Technology changes the world. More specifically, it changes how the world operates and evolves. Like moving from taking days to plow a field with a horse and plow to turn the soil to using massive tractors that can get the job done in a few hours. Or using a digital clock wired into a set of augmented glasses instead of a sundial to measure the length of a shadow. Technology serves to make the world a better, more accessible place to live in. With the advent of extended reality or XR technology, a rapid change was made in how people saw the world around them and how they moved in it. More recently, companies are realizing the benefits of using augmented reality to train their employees with better results, not just initially but well into their employment.
AR is a technology that uses graphic images to enhance or supplement the world around us. It has the unique ability to find its way into the most unlikely of places. With unique headsets designed for hands-free training or on a smart device for immediate information access, it's highly accessible and can be used anywhere at any time.
Augmented Reality at Work
Augmented reality is cropping up in industries that sometimes don't make sense but take a closer look at it and it's evident that AR belongs there. In retail, for instance, using AR simulations can provide the customer with the ideal product and hasten and brighten their interaction with the company, or let retail workers participate in real-world customer scenarios before being allowed to engage with them. It gives more precise measurements and can display blueprints or 3D models in construction. It's giving students the ability to access information and experiences they might not otherwise be able to due to a lack of funding. Even in social media, where cat and cartoon filters are all the rage, it's proving beneficial in helping connect people to one another in simple, meaningful ways. It's branching into farming and has almost become an art form in its own right.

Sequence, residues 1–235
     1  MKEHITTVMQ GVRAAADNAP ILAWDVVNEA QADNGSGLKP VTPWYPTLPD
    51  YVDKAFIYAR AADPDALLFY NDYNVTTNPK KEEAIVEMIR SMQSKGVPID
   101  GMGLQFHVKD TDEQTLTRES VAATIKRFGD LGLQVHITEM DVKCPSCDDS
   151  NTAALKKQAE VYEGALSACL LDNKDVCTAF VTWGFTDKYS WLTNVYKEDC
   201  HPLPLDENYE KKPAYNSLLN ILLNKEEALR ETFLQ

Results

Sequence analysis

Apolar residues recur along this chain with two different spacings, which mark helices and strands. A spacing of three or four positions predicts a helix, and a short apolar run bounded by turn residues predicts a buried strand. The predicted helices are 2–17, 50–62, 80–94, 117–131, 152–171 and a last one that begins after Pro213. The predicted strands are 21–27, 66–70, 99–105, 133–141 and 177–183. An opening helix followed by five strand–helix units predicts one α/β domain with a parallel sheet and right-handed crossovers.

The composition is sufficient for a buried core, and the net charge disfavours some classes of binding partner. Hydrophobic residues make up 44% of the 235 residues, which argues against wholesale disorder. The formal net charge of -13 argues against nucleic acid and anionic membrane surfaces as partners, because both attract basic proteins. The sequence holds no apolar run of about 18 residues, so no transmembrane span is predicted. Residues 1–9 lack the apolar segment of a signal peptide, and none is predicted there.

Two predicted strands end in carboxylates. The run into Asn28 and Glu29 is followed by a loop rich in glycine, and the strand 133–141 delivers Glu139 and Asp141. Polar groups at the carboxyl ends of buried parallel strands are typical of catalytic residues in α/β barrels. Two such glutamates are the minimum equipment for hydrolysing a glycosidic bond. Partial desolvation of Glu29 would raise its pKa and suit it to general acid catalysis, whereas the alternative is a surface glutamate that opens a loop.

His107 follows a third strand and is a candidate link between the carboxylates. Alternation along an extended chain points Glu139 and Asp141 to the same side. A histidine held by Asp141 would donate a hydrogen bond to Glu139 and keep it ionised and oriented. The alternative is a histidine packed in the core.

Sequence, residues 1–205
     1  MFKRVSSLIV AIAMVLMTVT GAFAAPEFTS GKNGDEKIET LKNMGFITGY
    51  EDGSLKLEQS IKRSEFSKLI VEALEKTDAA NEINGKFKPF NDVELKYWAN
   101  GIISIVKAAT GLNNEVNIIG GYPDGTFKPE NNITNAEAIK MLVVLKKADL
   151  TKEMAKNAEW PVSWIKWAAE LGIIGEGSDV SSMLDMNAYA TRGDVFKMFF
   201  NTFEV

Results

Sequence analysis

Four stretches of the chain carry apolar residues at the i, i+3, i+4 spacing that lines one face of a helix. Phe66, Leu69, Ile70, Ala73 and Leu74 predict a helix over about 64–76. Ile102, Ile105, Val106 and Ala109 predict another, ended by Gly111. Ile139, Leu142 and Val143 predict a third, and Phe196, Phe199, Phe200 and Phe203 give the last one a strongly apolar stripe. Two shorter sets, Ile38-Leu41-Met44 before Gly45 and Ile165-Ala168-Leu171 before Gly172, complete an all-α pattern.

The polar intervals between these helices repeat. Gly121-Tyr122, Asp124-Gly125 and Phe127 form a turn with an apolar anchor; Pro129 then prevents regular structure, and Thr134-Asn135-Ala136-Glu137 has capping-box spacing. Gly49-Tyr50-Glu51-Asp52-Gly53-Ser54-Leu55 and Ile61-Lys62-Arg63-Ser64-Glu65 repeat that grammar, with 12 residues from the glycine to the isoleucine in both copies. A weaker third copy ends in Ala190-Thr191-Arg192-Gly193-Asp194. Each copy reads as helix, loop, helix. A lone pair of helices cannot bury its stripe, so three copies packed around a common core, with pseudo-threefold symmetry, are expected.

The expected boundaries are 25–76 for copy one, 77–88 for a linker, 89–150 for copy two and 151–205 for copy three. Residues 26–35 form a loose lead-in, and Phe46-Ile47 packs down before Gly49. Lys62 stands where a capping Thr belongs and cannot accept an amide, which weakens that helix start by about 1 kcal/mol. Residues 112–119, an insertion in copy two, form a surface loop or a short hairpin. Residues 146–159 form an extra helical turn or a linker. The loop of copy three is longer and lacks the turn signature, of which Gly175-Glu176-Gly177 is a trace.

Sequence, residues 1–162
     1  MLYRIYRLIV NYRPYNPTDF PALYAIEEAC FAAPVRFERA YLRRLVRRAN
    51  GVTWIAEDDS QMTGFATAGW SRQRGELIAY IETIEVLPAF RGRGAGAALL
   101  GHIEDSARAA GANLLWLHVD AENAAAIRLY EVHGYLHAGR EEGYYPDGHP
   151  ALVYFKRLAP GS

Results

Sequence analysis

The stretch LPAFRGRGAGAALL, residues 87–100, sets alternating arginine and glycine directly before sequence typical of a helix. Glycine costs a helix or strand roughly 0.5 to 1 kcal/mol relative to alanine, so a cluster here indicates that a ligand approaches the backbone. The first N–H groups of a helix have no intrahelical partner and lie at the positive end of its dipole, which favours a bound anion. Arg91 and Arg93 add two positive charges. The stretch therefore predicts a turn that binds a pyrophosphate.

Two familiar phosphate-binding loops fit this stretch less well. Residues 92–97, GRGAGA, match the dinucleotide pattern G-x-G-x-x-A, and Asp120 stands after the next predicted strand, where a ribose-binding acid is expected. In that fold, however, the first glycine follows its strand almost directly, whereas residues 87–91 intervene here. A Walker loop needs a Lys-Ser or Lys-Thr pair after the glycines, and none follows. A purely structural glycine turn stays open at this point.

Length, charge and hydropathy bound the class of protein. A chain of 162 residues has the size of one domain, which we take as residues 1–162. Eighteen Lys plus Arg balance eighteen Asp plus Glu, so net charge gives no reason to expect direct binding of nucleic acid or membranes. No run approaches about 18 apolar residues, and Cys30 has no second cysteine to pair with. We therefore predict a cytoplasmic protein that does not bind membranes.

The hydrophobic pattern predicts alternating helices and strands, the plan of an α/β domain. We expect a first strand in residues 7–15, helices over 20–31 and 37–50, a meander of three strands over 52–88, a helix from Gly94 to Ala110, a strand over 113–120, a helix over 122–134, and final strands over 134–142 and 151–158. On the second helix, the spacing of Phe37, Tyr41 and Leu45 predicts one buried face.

If that doesn't convince you, here are 6 ways augmented reality is modernizing employee training.
1. Training Costs- Yes, there is an upfront cost to using augmented reality as a training tool. First, purchasing a smart device or AR lenses for the business can be steep but think about it in the long run. Training employees takes time, which equates to money, making it a precious commodity no matter where it's used. But this comes down to the basic benefits of augmented reality. Augmented reality has been proven to reduce training time in multiple disciplines, showing higher retention rates than older methods. Beyond that, it reduces the number of errors made on the actual materials used to train. Less product materials are wasted, less errors are made, and less time is necessary to train a person in a given discipline or process. Over the course of a device's life, augmented reality can easily end up saving a company more money in the training department than the initial investment.
2. On-Demand Training- Previously, when training employees, employers or superiors were required to have a hands-on approach with just about everything. From stocking products, to changing lightbulbs and measuring beams, teaching people common practice for the company took time that most employers don't have because they're also needed elsewhere. Augmented reality allows for a more hands-off approach. Employees can learn company procedure, how to do standard work within the company, and even work on complex processes without the help of their boss or trainer. This gives them more confidence and creates a better working environment.